But although neither side was gaining any advantage and Fortune had not yet indicated in any way to whom she would grant the victory, the fighting on the right wing was very different from that on the left.
The Romans under Fabius were acting more on the defensive and were protracting the contest as long as possible.
Their commander knew that it was the habitual practice of both the Gauls and the Samnites to make a furious attack to begin with, and if that were successfully resisted, it was enough;
the courage of the Samnites gradually sank as the battle went on, whilst the Gauls, utterly unable to stand heat or exertion, found their physical strength melting away; in their first efforts they were more than men, in the end they were weaker than women.
Knowing this, he kept the strength of his men unimpaired against the time when the enemy usually began to show signs of defeat.
Decius, as a younger man, possessing more vigour of mind, showed more dash;
he made use of all the strength he possessed in opening the attack, and as the infantry battle developed too slowly for him, he called on the cavalry.
Putting himself at the head of a squadron of exceptionally gallant troopers, he appealed to them as the pick of his soldiers to follow him in charging the enemy, for a twofold glory would be theirs if victory began on the left wing and, in that wing, with the cavalry. Twice they swept aside the Gaulish horse.
Making a third charge, they were carried too far, and whilst they were now fighting desperately in the midst of the enemy's cavalry they were thrown into consternation by a new style of warfare.
Armed men mounted on chariots and baggage wagons came on with a thunderous noise of horses and wheels, and the horses of the Roman cavalry, unaccustomed to that kind of uproar, became uncontrollable through fright; the cavalry, after their victorious charges, were now scattered in frantic terror; horses and men alike were overthrown in their blind flight.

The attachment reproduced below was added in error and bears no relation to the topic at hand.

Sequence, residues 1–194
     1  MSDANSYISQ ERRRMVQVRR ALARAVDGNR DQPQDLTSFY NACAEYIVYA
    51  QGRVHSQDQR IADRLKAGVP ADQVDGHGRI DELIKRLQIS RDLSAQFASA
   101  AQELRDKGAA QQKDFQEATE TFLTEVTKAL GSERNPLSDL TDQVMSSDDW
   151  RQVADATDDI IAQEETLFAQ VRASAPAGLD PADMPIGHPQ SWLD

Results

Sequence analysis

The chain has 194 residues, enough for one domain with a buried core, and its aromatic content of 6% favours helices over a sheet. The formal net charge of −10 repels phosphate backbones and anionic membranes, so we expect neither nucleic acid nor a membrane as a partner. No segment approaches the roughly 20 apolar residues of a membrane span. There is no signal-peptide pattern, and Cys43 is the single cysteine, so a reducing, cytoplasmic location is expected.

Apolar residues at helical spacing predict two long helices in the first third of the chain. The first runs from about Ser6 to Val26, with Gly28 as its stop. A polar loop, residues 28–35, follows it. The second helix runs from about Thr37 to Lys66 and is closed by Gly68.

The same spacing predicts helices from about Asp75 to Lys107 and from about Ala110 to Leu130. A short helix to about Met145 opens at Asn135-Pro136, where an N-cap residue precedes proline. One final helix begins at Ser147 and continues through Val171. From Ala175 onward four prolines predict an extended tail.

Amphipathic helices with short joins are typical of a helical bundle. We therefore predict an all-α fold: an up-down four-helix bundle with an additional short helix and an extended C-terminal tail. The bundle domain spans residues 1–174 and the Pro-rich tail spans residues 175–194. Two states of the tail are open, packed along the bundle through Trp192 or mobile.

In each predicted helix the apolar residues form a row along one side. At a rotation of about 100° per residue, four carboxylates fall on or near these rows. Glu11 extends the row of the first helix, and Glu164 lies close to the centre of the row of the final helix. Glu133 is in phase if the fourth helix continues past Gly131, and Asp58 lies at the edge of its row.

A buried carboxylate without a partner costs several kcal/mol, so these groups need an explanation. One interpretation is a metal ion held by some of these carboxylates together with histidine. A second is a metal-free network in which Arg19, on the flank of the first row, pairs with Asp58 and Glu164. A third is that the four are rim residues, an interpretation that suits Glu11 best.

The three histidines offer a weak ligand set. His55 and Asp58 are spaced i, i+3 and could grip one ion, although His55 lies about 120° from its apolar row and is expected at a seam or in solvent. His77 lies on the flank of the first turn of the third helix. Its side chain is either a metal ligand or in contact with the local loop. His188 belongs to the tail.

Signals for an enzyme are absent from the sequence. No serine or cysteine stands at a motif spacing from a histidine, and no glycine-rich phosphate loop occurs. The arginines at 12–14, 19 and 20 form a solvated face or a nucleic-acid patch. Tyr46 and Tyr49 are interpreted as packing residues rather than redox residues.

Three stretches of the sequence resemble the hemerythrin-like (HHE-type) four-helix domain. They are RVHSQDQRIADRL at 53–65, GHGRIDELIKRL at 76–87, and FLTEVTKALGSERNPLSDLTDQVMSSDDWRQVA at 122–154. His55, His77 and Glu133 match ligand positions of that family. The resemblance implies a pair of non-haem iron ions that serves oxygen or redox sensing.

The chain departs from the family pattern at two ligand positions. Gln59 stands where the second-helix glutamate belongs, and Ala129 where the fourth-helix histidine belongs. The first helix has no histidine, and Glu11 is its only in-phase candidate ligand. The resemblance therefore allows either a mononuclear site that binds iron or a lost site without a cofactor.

Even the standards of the legionaries were thrown into confusion, and many of the front rank men were crushed by the weight of the horses and vehicles dashing through the lines.
When the Gauls saw their enemy thus demoralised they did not give them a moment's breathing space in which to recover themselves, but followed up at once with a fierce attack.
Decius shouted to his men and asked them whither they were fleeing, what hope they had in flight; he tried to stop those who were retreating and recall the scattered units. Finding himself unable, do what he would, to check the demoralisation, he invoked the name of his father, P. Decius, and cried: ‘Why do I any longer delay the destined fate of my family?
This is the privilege granted to our house that we should be an expiatory sacrifice to avert dangers from the State. Now will I offer the legions of the enemy together with myself as a sacrifice to Tellus and the Dii Manes.’
When he had uttered these words he ordered the pontiff, M. Livius, whom he had kept by his side all through the battle, to recite the prescribed form in which he was to devote ‘himself and the legions of the enemy on behalf of the army of the Roman people, the Quirites.’
He was accordingly devoted in the same words and wearing the same garb as his father, P. Decius, at the battle of Veseris in the Latin war.
After the usual prayers had been recited he uttered the following awful curse: ‘I carry before me terror and rout and carnage and blood and the wrath of all the gods, those above and those below.
I will infect the standards, the armour, the weapons of the enemy with dire and manifold death, the place of my destruction shall also witness that of the Gauls and Samnites.’
After uttering this imprecation on himself and on the enemy he spurred his horse against that part of the Gaulish line where they were most densely massed and leaping into it was slain by their missiles.